Cover image for A man's place : masculinity and the middle-class home in Victorian England
A man's place : masculinity and the middle-class home in Victorian England
Tosh, John.
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Publication Information:
New Haven [Conn.] : Yale University Press, [1999]

Physical Description:
xii, 252 pages : illustrations ; 25 cm
Format :


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HQ1090.7.G7 T67 1999 Adult Non-Fiction Central Closed Stacks

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A study of the 19th-century middle class male. It shows how profoundly men's lives were conditioned by the Victorian ideal, and how they negotiated its many contradictions. It looks at the experiences of boyhood, married life, sex, and fatherhood, and illustrates these with case studies.

Reviews 2

Library Journal Review

Tosh (history, Univ. of North London) uses primary sources to explore the contradictions inherent in 19th-century British masculinity. Many tensions lay beneath the British male's well-known veneration of home, family, and motherhood. Marriage was a prime factor in self-worth, but men were reared at elite public (i.e., private) schools to ignore or even despise women. Husbands were publicly seen as masters and the spiritual leaders of their homes and families, yet once married, men often sequestered themselves in dens and clubs, and whole categories of decisions (like child rearing) were left solely to wives and servants. Tosh traces the evolution of these tensions through the century, as the idealization of domesticity gradually decreased and marital and parental hierarchies evolved. Particularly interesting are the sections on child rearing, in which the father's role often led to estrangement and generational discord. Tosh convincingly defends his thesis that the era, instead of just being "the climax of masculine domesticity," was actually more complex. Not entirely exciting, but the scholarship is solid; for academic collections.ÄRobert Persing, Univ. of Pennsylvania Lib., Philadelphia (c) Copyright 2010. Library Journals LLC, a wholly owned subsidiary of Media Source, Inc. No redistribution permitted.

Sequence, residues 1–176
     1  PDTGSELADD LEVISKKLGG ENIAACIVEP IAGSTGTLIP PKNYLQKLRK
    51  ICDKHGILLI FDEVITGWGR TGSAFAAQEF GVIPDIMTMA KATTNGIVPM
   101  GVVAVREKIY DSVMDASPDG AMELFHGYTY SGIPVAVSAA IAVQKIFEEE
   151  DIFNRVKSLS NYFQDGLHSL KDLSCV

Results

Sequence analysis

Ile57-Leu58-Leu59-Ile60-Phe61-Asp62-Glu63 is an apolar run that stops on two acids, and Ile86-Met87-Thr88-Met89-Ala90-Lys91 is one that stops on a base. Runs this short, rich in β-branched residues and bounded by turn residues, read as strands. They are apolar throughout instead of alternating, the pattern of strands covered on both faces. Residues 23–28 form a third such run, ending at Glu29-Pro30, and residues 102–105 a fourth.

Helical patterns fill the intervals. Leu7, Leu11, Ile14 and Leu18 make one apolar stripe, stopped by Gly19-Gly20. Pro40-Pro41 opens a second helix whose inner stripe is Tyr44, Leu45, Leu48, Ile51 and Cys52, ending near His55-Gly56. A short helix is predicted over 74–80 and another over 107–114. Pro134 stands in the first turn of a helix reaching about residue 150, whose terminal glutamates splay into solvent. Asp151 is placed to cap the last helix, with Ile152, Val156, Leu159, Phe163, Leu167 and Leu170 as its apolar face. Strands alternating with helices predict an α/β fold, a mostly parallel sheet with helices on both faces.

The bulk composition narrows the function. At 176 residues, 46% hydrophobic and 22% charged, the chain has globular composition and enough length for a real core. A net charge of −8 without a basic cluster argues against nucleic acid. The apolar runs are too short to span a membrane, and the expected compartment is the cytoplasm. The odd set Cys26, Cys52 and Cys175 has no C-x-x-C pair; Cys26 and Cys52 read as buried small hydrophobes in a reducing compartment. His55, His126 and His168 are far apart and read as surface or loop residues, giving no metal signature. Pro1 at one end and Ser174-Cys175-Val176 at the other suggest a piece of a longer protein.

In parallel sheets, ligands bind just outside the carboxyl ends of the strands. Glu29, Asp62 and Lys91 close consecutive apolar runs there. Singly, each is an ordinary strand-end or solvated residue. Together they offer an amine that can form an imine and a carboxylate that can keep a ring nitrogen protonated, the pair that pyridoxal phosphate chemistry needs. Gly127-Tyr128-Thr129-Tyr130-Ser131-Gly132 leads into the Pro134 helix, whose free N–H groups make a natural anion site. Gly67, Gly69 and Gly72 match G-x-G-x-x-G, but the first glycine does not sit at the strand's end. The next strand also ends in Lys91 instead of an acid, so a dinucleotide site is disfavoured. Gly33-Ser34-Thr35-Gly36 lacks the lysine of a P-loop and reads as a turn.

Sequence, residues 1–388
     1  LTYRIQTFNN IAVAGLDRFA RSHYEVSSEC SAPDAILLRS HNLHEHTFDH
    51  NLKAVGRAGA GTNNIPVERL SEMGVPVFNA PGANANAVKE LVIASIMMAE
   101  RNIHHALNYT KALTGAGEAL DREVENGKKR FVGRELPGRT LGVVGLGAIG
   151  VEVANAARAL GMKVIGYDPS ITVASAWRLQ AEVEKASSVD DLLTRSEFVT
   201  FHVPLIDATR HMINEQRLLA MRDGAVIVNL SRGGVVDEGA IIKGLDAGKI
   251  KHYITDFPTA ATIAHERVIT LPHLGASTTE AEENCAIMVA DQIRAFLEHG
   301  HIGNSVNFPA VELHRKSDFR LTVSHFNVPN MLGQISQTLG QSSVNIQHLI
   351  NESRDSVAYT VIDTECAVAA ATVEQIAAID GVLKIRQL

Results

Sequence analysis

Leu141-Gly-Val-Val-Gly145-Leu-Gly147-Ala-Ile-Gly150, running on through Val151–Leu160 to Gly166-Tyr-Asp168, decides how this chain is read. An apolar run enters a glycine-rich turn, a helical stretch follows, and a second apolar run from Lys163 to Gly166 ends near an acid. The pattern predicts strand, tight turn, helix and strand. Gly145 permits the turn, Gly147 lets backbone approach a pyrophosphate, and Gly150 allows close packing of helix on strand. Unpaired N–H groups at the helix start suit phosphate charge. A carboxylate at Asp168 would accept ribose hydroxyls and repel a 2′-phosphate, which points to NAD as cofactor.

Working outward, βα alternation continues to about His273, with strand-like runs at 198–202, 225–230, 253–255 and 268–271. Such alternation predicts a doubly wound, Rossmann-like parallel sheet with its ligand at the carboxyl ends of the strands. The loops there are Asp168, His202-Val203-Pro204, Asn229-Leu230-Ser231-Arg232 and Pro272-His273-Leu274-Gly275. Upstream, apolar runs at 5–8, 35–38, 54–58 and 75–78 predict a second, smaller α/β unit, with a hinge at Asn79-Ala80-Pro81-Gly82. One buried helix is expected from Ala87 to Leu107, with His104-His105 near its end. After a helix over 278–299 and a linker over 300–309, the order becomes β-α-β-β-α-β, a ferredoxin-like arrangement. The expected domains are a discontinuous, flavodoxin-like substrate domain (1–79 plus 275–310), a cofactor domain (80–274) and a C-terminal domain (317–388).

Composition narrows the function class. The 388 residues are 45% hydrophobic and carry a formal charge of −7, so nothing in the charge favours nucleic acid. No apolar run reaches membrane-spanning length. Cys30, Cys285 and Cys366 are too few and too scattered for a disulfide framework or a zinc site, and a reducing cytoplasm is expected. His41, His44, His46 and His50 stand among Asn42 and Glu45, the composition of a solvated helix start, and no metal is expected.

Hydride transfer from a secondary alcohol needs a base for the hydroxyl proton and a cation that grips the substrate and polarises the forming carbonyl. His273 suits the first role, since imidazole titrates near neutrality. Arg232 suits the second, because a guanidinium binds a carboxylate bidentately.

Choice Review

Tosh (North London Univ.) is a welcome pioneer in his research on masculinity in modern Britain. His elegant exploration of the role of middle-class Englishmen in Victorian domesticity is provocative and, at least to a degree, persuasive. The limitation on its persuasiveness is inherent in the anecdotal nature of much of his evidence, enriched by more than 20 manuscript collections and unpublished memoirs. Tosh makes two major arguments. First, during the early and middle years of the 19th century, middle-class Englishmen became ideologically committed to domesticity. A mixture of Evangelical religion and unhappiness with modernity made such men turn homeward to find personal fulfillment. To be fully masculine men had to marry, raise families, and serve as the patriarchal leaders of their homes. This ideal always had practical and theoretical complications, e.g., to earn a livelihood men generally spent most of their time away from home. Second, this middle-class male enthusiasm for domesticity began to fade by the 1870s, largely because of changes in the legal and social status of women. During the late 19th-century, many middle-class Englishmen preferred to spend their time in "homosocial" activities with other men such as at clubs, and some never married. Upper-division undergraduates and above. D. M. Fahey; Miami University